Ladies Auto Know: Working in the Pits
It was my first Pit Crew Challenge and I was a big loser: I was teamed with Brad Lovell, one of six BFGoodrich brand ambassadors in the Baja Challenge. We were at an event simulating what would happen in a real-life race.
The task was to take off and put on a set of tires and perform a mock refuel of a racing car. Since I was with a pro, our official time was used as a benchmark for the rest of the competition. Let's just say that another team did the job in less than 60 seconds. Our score was 2 minutes and 15 seconds. That's due to the fact that I am a klutz. During the tire change, I put the lug nuts on backwards and then they flew off and went under the car. And forget about refueling the gas -- I couldn't even lift the can!
Lovell, the much-awarded off-road champion, was a real team player. As I apologized profusely, he said, "Don't worry, once during a desert race I was changing a tire and the lug nuts went everywhere and got lost in the sand."
I admit as a woman I felt completely out of my comfort zone. Competing with other pit crew teams and gearheads, well I just wanted out. I would have felt more comfortable in the wilderness. But in the end I stretched myself and learned how to wield an electric wrench, wrestle with a tire, screw on a lug nut. I'd do it again and try to peel a minute off our team times.
Why were we doing the challenge? BFGoodrich Tires has used motorsports as a proving ground for more than 40 years, and is involved in every type of racing, including sports car, desert, dirt, short course, and extreme rock crawling.
The mock racing event was at this year's SEMA show -- a yearly convention for the automobile aftermarket and accessories business -- which was a few weeks away from the Baja 1000, a racing series in which BFGoodrich is heavily invested. The event starts in Encinitas, 90 miles south of San Diego, and is an 828-mile loop that runs for 24 hours.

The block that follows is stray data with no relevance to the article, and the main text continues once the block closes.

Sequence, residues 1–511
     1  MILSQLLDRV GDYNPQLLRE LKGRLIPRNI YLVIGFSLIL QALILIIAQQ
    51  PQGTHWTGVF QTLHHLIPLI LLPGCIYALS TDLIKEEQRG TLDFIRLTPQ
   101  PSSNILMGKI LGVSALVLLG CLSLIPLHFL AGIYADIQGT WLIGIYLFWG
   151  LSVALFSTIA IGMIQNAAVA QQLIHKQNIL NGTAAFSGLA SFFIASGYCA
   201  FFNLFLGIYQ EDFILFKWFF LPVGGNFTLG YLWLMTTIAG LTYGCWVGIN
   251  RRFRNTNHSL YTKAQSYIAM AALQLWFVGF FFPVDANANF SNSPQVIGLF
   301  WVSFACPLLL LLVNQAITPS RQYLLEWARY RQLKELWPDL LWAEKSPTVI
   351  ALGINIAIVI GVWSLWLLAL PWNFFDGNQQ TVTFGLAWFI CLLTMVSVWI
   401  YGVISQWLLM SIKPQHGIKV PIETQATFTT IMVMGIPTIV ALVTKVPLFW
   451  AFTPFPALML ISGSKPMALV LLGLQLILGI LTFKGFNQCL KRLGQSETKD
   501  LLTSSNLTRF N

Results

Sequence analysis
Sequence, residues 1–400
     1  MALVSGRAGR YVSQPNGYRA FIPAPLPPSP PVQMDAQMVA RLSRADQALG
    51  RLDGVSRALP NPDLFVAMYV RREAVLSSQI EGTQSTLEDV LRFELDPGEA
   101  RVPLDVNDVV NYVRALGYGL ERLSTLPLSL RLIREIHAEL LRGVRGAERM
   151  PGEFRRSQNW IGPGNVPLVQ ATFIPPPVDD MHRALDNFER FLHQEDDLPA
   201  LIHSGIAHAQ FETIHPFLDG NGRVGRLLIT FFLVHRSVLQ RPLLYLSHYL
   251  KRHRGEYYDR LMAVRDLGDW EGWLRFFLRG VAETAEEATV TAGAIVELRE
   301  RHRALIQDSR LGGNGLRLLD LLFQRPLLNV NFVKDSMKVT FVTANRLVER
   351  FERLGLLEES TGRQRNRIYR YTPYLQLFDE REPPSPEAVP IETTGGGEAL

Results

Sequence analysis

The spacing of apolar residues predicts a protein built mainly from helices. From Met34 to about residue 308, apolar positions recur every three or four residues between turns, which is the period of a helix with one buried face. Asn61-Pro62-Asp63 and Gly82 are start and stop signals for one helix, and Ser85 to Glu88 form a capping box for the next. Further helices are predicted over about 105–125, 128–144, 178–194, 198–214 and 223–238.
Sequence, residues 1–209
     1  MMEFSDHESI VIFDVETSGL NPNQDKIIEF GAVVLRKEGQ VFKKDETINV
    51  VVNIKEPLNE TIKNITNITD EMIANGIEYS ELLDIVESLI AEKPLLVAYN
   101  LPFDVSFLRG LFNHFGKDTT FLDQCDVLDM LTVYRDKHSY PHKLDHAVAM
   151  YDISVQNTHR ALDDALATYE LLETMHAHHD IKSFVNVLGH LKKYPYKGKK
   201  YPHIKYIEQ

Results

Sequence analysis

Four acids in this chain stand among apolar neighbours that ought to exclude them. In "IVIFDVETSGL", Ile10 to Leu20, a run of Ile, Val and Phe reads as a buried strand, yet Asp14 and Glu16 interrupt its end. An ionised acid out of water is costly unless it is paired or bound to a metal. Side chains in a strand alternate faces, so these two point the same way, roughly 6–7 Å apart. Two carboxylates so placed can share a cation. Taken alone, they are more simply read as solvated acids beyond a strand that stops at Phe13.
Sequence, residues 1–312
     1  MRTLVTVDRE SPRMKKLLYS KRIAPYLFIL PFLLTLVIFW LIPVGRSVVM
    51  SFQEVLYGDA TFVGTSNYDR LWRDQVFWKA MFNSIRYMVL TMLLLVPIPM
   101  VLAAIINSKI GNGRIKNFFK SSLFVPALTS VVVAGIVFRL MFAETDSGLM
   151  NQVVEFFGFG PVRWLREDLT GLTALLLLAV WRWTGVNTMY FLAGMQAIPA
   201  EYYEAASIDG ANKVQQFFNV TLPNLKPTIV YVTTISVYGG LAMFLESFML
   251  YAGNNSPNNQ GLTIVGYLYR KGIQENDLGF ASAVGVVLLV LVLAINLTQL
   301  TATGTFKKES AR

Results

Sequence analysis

Lovell, already a champion off-road racer, has wanted to race in this event since he was a kid.
"I saw a trophy truck flying over a ridge and I thought, 'that's what I want to do!' It's been a life-long challenge coming up the ranks and we're not there yet," he said.
Almost a decade ago, he (an engineer at the time) and his brother, Roger, started rock crawling, and became enamored with the sport. Now they own the Lovell Racing team, and compete in the off-road arena. The brothers live less than a mile apart in Colorado Springs, Colorado, and they train by racing and working out in the gym.
I asked him about the Baja 1000, which he has competed in numerous times. Lovell said, "So much in Baja is raced at night. And there's danger out there -- dust, silt, people, traps, it's surreal, it's like scuba diving at night."
Even before the company started racing in Baja 1000, BFGoodrich was testing out their tires in that region of Mexico. Peter Calhoun, Motorsports Marketing Manager at Michelin/BFGoodrich, noted, "BFG has been testing tires in the Baja peninsula since the mid 1970s; there is no tougher lab then going into the Baja." Calhoun explained, "We are the leading field tire company, we have been racing since 1977, and we've won all four races in the Baja series."
Although most of the tires they use are specific for motorsports, Calhoun said that the BFG engineers get a lot of research and development out of testing them in the harsh desert.
"Part of that test is to test out the environment and the design elements before they trickle down to consumer," he noted.
"Racing in Mexico is a unique open-road race experience, there are no formal spectators but lots of people watch. It's very much like a tailgating party. They love the spectacle of trucks flying through the air," said Calhoun.
"Just a few years ago, some in the industry were ready to shovel dirt on the grave of BFGoodrich Tires when it came to desert racing. Instead, the finish-line crowd saw the parade of race vehicles on BFGoodrich Tires crossing the line with class championships. We painted the desert in title-winning performances," said Chris Baker, motorsports director for BFGoodrich Tires.
HOLLY REICH has been writing about automotive and travel since 1982. She has reported on the automotive industry for television and radio broadcast stations including; Fox News, SPEED, Car TV and Autolab. Reich has contributed to publications such as RIDES, Edmunds.com, kbb.com, Elite Traveler, automotiverhythms.com, The New York Daily News and The Washington Post. Holly is based in New York City.